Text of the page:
When considering retirement, everyone has their own idealistic expectations, which undoubtedly include being happy. For those planning to retire in the U.S., however, happiness might not be so easy to achieve. Becoming an expatriate might actually be the best way to make your retirement dreams come true.
The Global Retirement Index, developed by Natixis Investment Managers and CoreData research, serves to provide insight into what influences a country’s ascent or decline in overall well-being in retirement. The study is a multifaceted index that focuses four thematic subindices:
- Material Well-being
- Quality of Life
Within those subindices, the study looks at a total of 18 different performance indicators grouped according to theme — and the Quality of Life subindex includes environmental and happiness indicators.
When looking at the 2017 ranking — the latest report available — of the U.S. in relation to a well-rounded retirement, countries like Canada and Germany rank higher. The U.S. ranks 17th, which can be attributed, in part, to a decline in the Quality of Life factor, specifically because U.S. retirees were found to be less happy than they were the year before, according to the study.
Here are 16 countries where you can retire happier than in the U.S., which might help you minimize the downsides of retirement.
17. United States
Even though the U.S. ranks 17th, lower overall than 16 other countries on the list, there are other countries that aren’t faring as well. For example, France ranks 19th, Japan 22nd and the Slovak Republic 25th. Click through to see which countries ranked higher and how these options might affect your retirement plans.
16. Czech Republic
Jumping up two spots in the overall rankings year over year, the Czech Republic had the strongest performance in the Material Wellbeing subindex. Although the country’s Quality of Life subindex ranks 23rd, it’s an improvement from last year, reflecting both environmental improvements and an increase in the happiness indicator.
Belgium holds on to its 15th-place rank, partly because Belgium showed improvements in Finances even though it made no measurable progress in other subcategories. Although it maintained the same scores for both Quality of Life and Health, it declined in the area of Material Wellbeing.
Ireland climbed two spots to 14th place overall due to improvements in three of its subindices: Material Wellbeing, Finances and Quality of Life. An improvement in environmental factors and happiness score indicators are responsible for the elevated Quality of Life ranking.
Austria ranks ninth overall in the study, due to suffering the decline in two of its subindices: Finances, ranking at 37th, and Health, at 11th. Both the Material Wellbeing and Quality of Life subindices remain the same since 2016 in fourth and eighth place, respectively.
Finland suffered a decline in all subindices except Quality of Life, which jumped up to second place. But this improvement is due to a decrease in the environmental factors indicator, not an increased happiness indicator.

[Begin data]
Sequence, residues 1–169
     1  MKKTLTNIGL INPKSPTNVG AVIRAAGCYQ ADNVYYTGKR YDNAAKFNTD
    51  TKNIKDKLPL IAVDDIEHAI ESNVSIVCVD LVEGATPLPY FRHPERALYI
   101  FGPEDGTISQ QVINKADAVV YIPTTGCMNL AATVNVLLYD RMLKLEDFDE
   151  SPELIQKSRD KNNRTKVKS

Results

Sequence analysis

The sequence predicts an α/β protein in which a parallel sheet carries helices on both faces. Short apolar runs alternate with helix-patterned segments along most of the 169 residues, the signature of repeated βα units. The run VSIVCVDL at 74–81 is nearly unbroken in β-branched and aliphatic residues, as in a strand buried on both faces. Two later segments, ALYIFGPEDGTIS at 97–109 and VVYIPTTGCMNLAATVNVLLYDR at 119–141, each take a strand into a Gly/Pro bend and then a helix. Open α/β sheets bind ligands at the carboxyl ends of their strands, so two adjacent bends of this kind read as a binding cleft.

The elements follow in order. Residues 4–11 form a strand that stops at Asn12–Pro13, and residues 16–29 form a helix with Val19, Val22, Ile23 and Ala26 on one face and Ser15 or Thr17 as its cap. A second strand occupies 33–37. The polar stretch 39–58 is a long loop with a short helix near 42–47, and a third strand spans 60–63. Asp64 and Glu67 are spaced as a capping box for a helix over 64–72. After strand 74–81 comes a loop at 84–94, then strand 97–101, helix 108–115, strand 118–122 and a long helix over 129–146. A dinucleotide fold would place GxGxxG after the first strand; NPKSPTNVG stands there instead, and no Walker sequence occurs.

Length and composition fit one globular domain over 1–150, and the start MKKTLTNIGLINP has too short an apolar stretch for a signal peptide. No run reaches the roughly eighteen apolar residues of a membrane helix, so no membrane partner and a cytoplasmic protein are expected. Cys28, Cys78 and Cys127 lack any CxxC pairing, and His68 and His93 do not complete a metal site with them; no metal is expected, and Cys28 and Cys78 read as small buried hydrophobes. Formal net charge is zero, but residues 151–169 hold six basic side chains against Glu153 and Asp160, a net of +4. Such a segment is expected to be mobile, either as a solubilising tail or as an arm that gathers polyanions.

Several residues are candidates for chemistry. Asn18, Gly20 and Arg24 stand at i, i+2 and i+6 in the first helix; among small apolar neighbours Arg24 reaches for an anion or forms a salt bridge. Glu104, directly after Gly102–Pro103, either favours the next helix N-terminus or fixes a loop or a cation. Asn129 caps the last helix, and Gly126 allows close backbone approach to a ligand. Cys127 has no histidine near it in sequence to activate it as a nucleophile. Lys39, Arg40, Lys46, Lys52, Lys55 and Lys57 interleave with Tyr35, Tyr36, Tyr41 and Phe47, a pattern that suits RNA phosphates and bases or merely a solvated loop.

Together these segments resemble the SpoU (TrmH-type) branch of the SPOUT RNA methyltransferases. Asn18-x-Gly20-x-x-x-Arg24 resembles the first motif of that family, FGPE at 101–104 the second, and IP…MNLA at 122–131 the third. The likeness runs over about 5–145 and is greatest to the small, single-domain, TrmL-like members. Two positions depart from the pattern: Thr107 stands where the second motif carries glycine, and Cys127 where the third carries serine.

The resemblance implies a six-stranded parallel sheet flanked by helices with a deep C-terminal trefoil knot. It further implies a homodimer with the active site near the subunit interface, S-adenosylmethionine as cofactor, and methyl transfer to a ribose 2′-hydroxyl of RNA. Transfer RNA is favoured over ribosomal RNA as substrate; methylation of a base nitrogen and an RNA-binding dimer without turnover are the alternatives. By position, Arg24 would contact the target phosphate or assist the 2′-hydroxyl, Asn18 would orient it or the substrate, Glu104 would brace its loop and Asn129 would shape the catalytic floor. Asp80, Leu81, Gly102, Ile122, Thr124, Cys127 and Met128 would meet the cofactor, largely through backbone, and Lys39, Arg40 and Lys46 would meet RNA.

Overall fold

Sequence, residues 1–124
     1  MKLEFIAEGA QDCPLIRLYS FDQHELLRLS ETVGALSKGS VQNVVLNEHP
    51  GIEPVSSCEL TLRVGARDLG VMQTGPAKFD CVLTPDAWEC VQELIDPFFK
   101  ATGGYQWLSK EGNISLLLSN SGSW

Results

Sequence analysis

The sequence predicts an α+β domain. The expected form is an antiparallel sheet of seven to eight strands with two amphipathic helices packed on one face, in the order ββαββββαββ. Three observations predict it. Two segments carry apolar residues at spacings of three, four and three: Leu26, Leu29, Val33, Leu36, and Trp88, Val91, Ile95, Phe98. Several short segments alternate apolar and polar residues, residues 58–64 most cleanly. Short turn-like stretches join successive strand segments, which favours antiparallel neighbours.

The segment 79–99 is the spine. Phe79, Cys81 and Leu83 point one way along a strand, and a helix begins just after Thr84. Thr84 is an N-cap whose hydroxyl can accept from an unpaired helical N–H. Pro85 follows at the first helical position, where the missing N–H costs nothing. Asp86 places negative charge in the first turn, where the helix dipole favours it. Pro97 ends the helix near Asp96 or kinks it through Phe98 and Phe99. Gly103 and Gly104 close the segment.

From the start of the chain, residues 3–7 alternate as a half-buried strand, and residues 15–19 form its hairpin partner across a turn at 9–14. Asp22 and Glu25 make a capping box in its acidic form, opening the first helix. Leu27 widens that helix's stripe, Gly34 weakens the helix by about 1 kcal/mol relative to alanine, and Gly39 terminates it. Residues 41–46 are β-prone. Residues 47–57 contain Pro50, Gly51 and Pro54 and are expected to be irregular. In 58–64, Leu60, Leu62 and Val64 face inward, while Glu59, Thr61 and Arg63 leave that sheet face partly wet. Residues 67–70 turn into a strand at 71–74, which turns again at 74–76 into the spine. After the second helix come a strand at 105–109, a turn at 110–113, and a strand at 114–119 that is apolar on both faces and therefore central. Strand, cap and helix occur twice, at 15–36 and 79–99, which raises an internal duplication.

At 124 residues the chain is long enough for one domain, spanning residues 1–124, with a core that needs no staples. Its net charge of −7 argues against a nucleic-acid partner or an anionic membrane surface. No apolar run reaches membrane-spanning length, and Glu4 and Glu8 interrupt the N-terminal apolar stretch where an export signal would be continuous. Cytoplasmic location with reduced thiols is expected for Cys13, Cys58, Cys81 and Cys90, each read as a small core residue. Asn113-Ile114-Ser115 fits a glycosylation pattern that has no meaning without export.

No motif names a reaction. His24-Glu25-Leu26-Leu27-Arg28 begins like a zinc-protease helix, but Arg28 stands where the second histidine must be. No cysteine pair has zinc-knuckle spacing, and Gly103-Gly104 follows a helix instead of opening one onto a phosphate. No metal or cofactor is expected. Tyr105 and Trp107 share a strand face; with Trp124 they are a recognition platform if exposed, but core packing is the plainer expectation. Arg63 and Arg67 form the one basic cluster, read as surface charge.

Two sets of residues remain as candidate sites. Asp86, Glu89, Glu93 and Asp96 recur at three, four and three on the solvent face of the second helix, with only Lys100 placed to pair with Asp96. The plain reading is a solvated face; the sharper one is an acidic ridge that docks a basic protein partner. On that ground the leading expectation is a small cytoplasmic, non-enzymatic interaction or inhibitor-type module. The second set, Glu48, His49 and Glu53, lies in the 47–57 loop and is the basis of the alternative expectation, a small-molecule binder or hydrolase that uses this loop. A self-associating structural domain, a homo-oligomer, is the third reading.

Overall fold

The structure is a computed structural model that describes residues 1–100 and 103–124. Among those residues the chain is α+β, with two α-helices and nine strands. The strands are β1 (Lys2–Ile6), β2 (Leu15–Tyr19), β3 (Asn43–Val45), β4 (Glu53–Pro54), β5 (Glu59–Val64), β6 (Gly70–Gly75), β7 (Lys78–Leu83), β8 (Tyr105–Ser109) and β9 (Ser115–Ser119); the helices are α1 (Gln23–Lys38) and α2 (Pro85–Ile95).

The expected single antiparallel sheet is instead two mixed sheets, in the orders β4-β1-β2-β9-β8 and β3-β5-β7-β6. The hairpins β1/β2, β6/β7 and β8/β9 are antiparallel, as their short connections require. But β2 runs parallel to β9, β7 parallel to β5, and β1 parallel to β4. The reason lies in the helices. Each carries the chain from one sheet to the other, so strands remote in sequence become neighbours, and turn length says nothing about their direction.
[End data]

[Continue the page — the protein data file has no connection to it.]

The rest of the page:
See Where Finland Ranks: The Most Expensive Countries to Live In
Even though Canada showed progress in environmental factors, it suffered a Quality of Life score decrease, currently ranked 15th, due to a fall in the happiness indicator. The country ranked in the top 10 for Health and Finances, however.
Luxembourg has ranked first overall for the past two years in the Health subindex. Areas of improvement in this year’s rankings include Material Wellbeing, with a fifth-place ranking and Quality of Life, with a 20th-place ranking.
Even though the Netherlands declined in three out of the four subindices, it improved in the Quality of Life subindex. Improvements in environmental factors, plus an elevated happiness indicator, are responsible for the Netherlands’ higher Quality of Life index.
Denmark improved its overall ranking this year by climbing four spots to No. 8. The country ranks first the in Quality of Life subindex.
See Where Denmark Ranks: Best and Worst Countries for the Rich
Germany ranks high for happiness and retirement for 2017, taking the seventh spot in the study. The country’s ranking features two top 10 spots in subindices: Material Wellbeing and Health, 10th place.
Australia’s overall ranking of sixth place is due to two top 10 finishes in Quality of Life, ninth place, and Finances, fifth place. The country also has the seventh-highest ranking of life expectancy overall.
5. New Zealand
New Zealand’s fifth-place overall ranking is due to its top 10 subindices: It ranks second in Finances and sixth in Quality of Life. Its happiness indicator rank is No. 8 overall.
Sweden has a No. 4 overall ranking due, in part, to its top 10 performance in these subindices: Health, fifth place; Quality of Life, fifth place; and Material Wellbeing, ninth place. The country also has the ninth-highest score overall for the happiness indicator.
Find Out: This U.S. State Is Richer Than Sweden
Iceland ranks third overall and made its biggest improvements in the Material Wellbeing and Finance sectors. It ranks in the top 10 in two of the four subindices: Quality of Life, seventh place and Material Wellbeing, second place.
Switzerland comes in second because it is the only other country besides Norway that ranks in the top 10 for all subindices. The country ranks fourth overall for the happiness indicator.
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Norway ranks first overall because it ranks in the top 10 in all subindices. It also has the highest rank for the happiness indicator — which is tied to the Quality of Life subindex — out of all of the countries in the study.
More on Retirement
- Why $1M Might Not Be Enough for My Retirement Dreams (or Yours)
- 50 Cheapest Places to Retire
- This Is What a Comfortable Retirement Will Cost You in Every State
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